It’s been almost 5 years since I picked up my QuickTake 200 camera
. I’ve never been able to retrieve the pictures from the SmartMedia card that came with it.
When I first got the camera, I quickly snapped a few pics around the room to test out the camera. Since I don’t have a USB card reader to plug into my Mac, I popped it into my kids’ PC that has a multi-card reader built in. Unfortunately, it wouldn’t read the card. I figured the card was formatted in some kind of Apple-only format. It would be typical of the day that it would only be readable in a Mac. After all, this camera is from 1997.
Since the camera came with the original software disks, I installed it on my Power Mac 5200.
The installer went through the motions and it looked like all was good.
I connected the camera, but no matter what I did, the Mac just would not detect it. I played around with some settings in the Control Panel thinking it was some kind of AppleTalk conflict, but no luck.
Some time later, a friend gave me an old junker of a laptop. The only reason I took it was because it had a SmartMedia reader in it. I thought by some stroke of luck that it would work. Still, no luck this time either.
About a year later I had myself a working, and fully networked, Macintosh TV and Performa 575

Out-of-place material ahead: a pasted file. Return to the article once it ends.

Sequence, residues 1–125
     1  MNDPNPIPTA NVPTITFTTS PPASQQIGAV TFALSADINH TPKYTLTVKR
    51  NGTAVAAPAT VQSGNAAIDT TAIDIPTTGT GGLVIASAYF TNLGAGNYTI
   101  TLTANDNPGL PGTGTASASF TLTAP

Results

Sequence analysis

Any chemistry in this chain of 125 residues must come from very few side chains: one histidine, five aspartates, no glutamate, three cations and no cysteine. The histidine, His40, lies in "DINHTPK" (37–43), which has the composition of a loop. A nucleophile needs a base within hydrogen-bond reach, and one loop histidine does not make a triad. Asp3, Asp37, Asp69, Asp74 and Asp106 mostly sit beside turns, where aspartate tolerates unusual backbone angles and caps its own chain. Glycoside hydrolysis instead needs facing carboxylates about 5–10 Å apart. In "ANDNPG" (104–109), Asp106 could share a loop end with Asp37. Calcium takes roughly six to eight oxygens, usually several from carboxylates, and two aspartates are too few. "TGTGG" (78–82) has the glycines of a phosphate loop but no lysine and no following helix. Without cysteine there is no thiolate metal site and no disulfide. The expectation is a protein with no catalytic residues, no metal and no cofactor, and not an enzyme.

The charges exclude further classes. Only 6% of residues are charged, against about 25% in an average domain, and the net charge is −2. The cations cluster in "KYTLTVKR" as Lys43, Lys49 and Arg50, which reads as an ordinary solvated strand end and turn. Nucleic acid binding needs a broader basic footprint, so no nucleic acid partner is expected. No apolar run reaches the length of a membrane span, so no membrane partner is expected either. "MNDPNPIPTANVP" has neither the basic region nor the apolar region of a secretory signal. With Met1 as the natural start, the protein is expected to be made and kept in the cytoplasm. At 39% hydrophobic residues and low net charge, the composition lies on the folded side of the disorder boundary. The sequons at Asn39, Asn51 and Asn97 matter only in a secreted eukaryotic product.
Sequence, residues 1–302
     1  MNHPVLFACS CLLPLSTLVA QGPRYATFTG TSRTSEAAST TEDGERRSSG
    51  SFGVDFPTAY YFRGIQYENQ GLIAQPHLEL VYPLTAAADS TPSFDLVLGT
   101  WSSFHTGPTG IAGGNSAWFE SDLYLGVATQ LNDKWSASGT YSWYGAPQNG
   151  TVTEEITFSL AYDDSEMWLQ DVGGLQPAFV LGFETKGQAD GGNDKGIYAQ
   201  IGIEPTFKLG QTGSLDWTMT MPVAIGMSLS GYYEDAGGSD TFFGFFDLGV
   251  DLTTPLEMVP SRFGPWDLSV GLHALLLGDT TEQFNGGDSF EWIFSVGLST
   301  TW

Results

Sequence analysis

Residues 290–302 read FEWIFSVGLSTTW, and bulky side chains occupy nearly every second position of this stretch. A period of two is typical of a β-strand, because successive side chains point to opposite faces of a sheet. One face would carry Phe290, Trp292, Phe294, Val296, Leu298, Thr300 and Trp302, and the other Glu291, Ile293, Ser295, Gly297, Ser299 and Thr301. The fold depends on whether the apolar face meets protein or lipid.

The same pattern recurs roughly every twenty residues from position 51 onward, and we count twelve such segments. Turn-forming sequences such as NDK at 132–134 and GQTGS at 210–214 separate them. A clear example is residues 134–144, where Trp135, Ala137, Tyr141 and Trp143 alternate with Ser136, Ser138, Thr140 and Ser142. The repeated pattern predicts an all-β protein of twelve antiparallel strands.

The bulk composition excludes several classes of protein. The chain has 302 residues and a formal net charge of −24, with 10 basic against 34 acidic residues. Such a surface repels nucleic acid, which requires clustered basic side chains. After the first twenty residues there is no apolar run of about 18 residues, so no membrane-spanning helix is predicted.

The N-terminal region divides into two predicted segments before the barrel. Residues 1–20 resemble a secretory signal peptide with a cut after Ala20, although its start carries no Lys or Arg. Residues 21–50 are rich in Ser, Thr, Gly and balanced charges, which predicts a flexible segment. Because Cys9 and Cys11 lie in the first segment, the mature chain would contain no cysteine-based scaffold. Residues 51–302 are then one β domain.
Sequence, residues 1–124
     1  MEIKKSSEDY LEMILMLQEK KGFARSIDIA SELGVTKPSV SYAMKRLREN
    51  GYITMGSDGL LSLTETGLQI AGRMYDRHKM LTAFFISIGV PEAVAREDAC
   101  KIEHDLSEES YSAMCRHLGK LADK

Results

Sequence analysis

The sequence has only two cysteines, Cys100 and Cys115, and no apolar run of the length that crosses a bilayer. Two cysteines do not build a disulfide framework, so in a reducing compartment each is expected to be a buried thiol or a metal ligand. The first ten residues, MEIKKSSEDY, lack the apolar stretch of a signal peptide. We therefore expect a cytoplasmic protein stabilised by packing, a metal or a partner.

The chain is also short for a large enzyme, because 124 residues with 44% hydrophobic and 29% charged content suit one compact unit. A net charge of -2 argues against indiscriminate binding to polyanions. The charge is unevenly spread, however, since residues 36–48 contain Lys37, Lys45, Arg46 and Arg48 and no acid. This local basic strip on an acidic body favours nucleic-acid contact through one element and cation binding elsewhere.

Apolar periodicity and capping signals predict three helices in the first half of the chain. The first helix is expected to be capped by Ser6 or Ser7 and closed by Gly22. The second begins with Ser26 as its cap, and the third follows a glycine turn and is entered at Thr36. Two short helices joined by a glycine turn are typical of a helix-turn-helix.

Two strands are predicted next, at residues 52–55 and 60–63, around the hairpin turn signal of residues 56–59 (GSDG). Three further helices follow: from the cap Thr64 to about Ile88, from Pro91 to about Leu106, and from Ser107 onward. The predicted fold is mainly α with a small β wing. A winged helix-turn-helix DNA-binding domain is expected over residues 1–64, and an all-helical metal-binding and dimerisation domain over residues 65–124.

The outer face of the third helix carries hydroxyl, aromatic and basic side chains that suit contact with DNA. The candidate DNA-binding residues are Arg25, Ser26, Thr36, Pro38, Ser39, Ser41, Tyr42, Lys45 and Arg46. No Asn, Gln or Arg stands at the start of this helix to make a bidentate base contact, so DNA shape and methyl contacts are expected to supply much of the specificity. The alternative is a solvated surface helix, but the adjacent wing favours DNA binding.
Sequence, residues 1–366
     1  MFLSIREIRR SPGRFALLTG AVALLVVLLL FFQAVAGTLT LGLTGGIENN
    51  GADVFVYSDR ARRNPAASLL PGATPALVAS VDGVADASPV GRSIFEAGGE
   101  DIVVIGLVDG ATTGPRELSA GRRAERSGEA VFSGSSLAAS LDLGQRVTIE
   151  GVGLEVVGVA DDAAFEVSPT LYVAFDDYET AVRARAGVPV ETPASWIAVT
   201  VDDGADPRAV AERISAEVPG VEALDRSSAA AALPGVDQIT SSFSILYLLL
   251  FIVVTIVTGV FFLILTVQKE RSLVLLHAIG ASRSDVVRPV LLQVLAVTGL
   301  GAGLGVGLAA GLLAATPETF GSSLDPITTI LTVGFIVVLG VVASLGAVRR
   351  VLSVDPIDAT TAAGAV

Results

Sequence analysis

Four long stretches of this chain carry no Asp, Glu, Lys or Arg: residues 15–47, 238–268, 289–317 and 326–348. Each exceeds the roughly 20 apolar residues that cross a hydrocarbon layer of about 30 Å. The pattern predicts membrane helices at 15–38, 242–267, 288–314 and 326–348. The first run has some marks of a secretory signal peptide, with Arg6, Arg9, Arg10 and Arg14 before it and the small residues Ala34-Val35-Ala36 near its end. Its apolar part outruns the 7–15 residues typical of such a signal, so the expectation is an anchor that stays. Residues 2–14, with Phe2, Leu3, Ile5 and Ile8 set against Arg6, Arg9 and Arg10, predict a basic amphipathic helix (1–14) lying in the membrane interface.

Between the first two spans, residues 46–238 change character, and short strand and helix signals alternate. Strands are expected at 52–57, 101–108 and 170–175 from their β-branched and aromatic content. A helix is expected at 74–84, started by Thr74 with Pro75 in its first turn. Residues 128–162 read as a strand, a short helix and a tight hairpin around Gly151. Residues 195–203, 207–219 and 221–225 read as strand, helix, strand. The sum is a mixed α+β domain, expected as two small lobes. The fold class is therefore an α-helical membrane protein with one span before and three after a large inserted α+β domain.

. Surely one of these Macs should be able to talk to the QuickTake.
I installed the QuickTake software again. Looks like it’s going to work!
I’m convinced. It has to be the camera. I bet there’s something wrong with the port. It must be damaged. Perhaps this is why this QuickTake ended up on eBay. The only solution is to find a card reader that will work with this SmartMedia card.
After a little more research, I figured out that not all SmartMedia cards are created equal. There are different formats. The format that Apple used isn’t compatible with the run-of-the-mill card readers you’ll find in PCs. I had to scour eBay for an old card reader. Luckily, I found an old USB CameraMate from Microtech for $10 bucks.
I just hoped that I could find the driver for it. I did manage to track down a copy of the driver, but it is a 32-bit only driver. Needless to say, it wouldn’t work on my kids’ 64-bit install of Windows 7. I dug out an old Dell laptop that I have that has Windows XP on it and gave the driver an install.
I can’t believe after all these years that I had to resort to using vintage PC hardware to read the images off this card.
And here they are, some of them anyway. These images have not been color corrected or resized. The camera takes pictures with a resolution of 640x480. Still, that must have blown people’s minds back in the day when 1024x768 was as good as a monitor could get.
In case you’re in the same boat as me, here are the 32-bit Windows drivers for the Microtech USB CameraMate: CameraMate.zip